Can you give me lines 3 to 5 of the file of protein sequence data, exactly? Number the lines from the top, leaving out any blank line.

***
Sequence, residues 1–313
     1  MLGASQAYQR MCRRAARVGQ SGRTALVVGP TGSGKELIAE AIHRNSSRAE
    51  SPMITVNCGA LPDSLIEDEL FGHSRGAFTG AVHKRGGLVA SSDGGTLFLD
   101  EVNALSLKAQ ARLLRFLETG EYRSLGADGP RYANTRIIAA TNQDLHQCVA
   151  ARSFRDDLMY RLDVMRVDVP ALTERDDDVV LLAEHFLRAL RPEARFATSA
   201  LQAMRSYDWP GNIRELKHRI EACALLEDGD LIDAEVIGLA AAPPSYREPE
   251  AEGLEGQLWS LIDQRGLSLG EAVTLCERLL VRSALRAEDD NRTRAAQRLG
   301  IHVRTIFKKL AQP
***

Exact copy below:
    51  SPMITVNCGA LPDSLIEDEL FGHSRGAFTG AVHKRGGLVA SSDGGTLFLD
   101  EVNALSLKAQ ARLLRFLETG EYRSLGADGP RYANTRIIAA TNQDLHQCVA
   151  ARSFRDDLMY RLDVMRVDVP ALTERDDDVV LLAEHFLRAL RPEARFATSA